Poor me, don’t pour that drink...

Lakhinder Jit Singh Vohra

AAP MP Bhagwant Mann put alcohol right, left, front and centre in our drawing rooms, chilled with guilt and drowned with apologies with a hangover of repentance. Better late than never. Alcoholism is a progressive disease of the mind, an allergy of the body, and a spiritual malady. 

The first step in overcoming an alcohol addiction is admitting being powerless and that life has become unmanageable. 

I am a recovered alcoholic. My date of sobriety, as it is called in Alcoholics Anonymous (AA), is the last time I took a drink — November 24, 2013. I distinctly remember the time and place where I was, when I consciously put the glass down saying enough is enough. My body simply could not take the two or three double Patiala pegs of Double Black Johnnie Walker on the rocks every night. I am sure that if I had not stopped, like many others we hear or know, I would have been dead by now. 

A big part of alcoholism, which we often lose sight of, is the people in your life, who aid and abet — the enablers. It could be a coterie of so-called well-wishers, the freely flowing booze at political fundraisers, weddings, bootleg brands behind closed doors, one-for-the-road Army brats. It could also be family members who turn a blind eye and never acknowledge a drinking problem, or show tough love so the alcoholic gets help.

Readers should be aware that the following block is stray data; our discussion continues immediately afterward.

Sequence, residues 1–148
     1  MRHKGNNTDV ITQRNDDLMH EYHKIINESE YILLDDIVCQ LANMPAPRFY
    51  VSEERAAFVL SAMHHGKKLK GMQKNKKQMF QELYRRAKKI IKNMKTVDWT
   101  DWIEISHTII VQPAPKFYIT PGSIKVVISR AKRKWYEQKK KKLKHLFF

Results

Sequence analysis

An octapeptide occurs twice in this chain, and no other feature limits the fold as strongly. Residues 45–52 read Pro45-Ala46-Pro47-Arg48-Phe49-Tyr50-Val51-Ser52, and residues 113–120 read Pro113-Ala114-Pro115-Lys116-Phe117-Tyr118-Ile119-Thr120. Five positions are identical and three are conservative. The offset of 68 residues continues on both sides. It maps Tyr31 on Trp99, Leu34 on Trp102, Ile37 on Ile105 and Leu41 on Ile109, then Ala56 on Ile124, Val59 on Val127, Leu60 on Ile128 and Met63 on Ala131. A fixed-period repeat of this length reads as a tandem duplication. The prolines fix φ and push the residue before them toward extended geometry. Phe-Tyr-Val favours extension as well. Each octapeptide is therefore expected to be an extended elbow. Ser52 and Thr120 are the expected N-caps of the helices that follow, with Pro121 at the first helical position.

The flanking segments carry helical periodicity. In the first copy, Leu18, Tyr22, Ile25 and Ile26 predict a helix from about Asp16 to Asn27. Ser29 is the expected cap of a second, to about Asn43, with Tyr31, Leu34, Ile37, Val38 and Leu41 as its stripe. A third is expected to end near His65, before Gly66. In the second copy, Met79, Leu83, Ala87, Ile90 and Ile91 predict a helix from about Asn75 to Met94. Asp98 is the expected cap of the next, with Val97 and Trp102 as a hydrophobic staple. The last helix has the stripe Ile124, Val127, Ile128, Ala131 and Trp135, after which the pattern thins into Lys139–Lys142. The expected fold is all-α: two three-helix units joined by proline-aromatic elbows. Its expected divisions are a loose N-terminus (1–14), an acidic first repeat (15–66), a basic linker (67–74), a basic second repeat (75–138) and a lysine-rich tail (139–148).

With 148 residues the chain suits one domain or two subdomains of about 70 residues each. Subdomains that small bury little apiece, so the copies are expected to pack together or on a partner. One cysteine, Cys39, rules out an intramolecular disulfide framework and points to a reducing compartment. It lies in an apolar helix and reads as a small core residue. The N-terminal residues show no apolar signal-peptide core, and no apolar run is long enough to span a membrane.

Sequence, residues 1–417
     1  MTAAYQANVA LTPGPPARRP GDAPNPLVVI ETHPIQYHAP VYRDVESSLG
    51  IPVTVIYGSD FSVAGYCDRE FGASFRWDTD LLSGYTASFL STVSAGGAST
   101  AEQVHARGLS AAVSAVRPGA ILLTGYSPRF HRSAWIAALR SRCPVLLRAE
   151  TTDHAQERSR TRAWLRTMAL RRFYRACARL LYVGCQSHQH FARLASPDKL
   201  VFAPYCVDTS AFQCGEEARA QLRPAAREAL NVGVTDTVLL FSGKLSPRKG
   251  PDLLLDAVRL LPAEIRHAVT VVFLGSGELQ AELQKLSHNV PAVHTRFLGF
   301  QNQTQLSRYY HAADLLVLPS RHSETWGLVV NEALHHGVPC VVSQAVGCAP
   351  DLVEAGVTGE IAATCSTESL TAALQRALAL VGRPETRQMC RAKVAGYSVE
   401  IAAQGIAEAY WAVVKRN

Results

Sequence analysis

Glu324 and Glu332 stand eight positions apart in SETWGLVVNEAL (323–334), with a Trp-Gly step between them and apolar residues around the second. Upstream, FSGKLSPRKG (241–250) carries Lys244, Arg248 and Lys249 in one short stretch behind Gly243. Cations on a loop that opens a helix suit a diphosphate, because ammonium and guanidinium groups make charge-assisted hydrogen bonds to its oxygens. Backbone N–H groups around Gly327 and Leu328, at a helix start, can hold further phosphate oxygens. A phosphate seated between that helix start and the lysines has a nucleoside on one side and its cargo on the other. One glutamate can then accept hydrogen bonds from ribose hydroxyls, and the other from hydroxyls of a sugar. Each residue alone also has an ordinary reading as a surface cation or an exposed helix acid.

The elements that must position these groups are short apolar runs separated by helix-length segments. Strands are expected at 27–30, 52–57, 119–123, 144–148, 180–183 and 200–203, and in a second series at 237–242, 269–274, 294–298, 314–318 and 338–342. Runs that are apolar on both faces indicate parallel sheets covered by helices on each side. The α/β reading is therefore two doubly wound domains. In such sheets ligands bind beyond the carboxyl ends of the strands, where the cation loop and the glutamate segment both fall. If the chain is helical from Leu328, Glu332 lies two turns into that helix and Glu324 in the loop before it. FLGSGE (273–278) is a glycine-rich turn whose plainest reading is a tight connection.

Mann, in a brave act, had showed up with his mother and announced that he was giving up. But for many alcoholics, the cause of drinking is deep-rooted in family and early childhood trauma, lack of an emotional connection with parents or siblings, or family pressures that justify an escape to solitude and drinking. 

However, faith in the Almighty; seeking professional help, such as a mental health professional; staying away from booze-filled occasions; clearing out the liquor cabinet… is more tough than half-admitting at a political rally that you are promising to quit, even though you claim you do not have a drinking problem. 

In India, you have to be half-apologetic and give many explanations to near and dear ones why you stopped drinking or how bad the drinking problem had gotten! You are made to feel guilty even for quitting! What most people do not realise is that an alcoholic has to say no to the first drink because like most other normal drinkers, once he takes the first drink, he is powerless to say ‘no’. For him, one is too many and one thousand is never enough. 

Hope Mann was not trying to draw sympathy in the election season. 

Like they say in recovery — poor me, pour me a drink.